The Community of the Transfiguration

Several weeks ago, Alison and I and a group from our church headed to Cincinnati’s north side to visit the Community of the Transfiguration, a convent of Episcopalian nuns, for a spiritual retreat and continuing education related to Stephen Ministry. Until recently, I had no idea there were monastic orders in the Episcopal Church.  The trip to Cincinnati, coupled with the spiritual journey of a good friend of mine who last year took monastic vows and became a brother of the Community of the Gospel, has brought monastic life to the forefront of my mind.  This post is just some musings that have been swimming around for a while.

In speaking with the nuns, it became clear the the greatest problem they, as a community, face is publicity – very few people, including Episcopalians, know they exist. (For me, when I think of monastic communities, I think Roman Catholic, European and a long time ago; I suppose if pressed, I would drop European and a long time ago, but I imagine most of us associate monasticism with the Catholic Church. Of course, as one of the sisters pointed out, ‘”We’re all catholic; we say so in the Creed.”)  Anyway, the relative obscurity of the Community of the Transfiguration and of monastic communities generally is a shame, because the sisters of the Community of the Transfiguration, as a traditional, institutional community and orders like the Community of the Gospel, a non-cloistered, less institutional order, offer a valuable and important perspective for the Church and the world. Indeed, the Archbishop of Canterbury himself noted the importance of monastic life within the larger life of the Church, and encouraged Christians to support such vocations in his 2009 Easter sermon. So, with all that in mind, I’d like to highlight some of the notable practices and concepts that struck me as important during my visit to Cincinnati, in conversation with my friend, Brother Daniel-Chad, and in some reading I’ve recently done.

Hospitality – Though there is still a private school attached to the convent, and some nuns do teach there, the sisters’ primary ministry is hospitality.  Steve Carlsen, the dean of Christ Church Cathedral, recently spoke about the centrality of hospitality to Christian living and the mission of the Church. [Link to the audio file of this sermon is forthcoming.] As he noted, hospitality is not a new, liberal fad, but rather a serious, sometimes dangerous and always Christ-like orientation for our actions. After all, a shared meal around a Table is the central act of Christian worship.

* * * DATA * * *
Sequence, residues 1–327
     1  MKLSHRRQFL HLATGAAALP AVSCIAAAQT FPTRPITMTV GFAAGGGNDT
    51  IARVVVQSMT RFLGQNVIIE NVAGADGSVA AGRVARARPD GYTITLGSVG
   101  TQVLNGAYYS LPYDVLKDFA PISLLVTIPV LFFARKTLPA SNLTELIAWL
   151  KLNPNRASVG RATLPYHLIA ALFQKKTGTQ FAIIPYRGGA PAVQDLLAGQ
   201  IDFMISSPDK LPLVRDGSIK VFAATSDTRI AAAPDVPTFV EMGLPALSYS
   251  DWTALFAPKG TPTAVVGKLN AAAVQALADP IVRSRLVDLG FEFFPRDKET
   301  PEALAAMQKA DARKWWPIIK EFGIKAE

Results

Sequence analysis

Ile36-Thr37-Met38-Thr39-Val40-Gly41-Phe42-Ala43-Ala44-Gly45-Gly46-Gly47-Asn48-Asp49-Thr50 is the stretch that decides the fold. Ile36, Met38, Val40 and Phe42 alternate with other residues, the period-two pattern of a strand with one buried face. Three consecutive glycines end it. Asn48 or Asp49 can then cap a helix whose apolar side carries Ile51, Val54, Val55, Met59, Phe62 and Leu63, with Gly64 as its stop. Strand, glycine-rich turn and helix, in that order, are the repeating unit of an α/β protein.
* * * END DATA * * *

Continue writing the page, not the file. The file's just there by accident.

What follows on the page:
SimplicityThis article, highlighted by Rod Dreher, is well taken, and I suppose like anything, simplicity itself can become (has become?) stylized and even commercialized. Nevertheless, the fundamental value of living a life of moderation – maybe that’s a better word to use – is increasingly important for a society such as ours that demands (and takes for granted) instant and endless access to lots of food, lots of energy, lots of sex, lots of information, lots of stuff….

Fixed Hour Prayer – The nuns at the Community of the Transfiguration pray at fixed hours or offices. Every morning, noon, evening and night, the sisters gather for 15 or 20 minutes and pray the Psalter, offer thanksgivings and intercessions and sing a hymn before continuing in their daily activities. Referring to prayer as ‘office’ often confuses modern people (myself included when I first began attending Episcopal liturgies), but monastics have been keeping this office (and calling it that) long before the word ‘office’ came to be associated with a florescent lit cubicle. ‘Office’ means ‘job’ and from the earliest days of Christian monasticism, prayer was seen the primary vocation for those called to such a life. When Daniel-Chad talks about his vocation as a monastic, prayer is usually the first thing he mentions.

Even though most traditional ‘institutional’ monastic communities are currently in decline, monasticism is experiencing a bit of a renaissance. All across the country, small groups, many unaffiliated or only loosely affiliated with a denomination – some calling themselves neo-monastics are flourishing. (See, for example, this group of neomonastics in Boston.) Like St. Francis’ monastic movement nearly a thousand years ago, I wonder if this neo-monastic movement will revitalize and reorient the Church? Something to ponder as Episcopalians (and indeed, Christians in many demoninations) theorize about the future of the Church and how to bring the life of the Church into better comformity with the life of God’s Kingdom.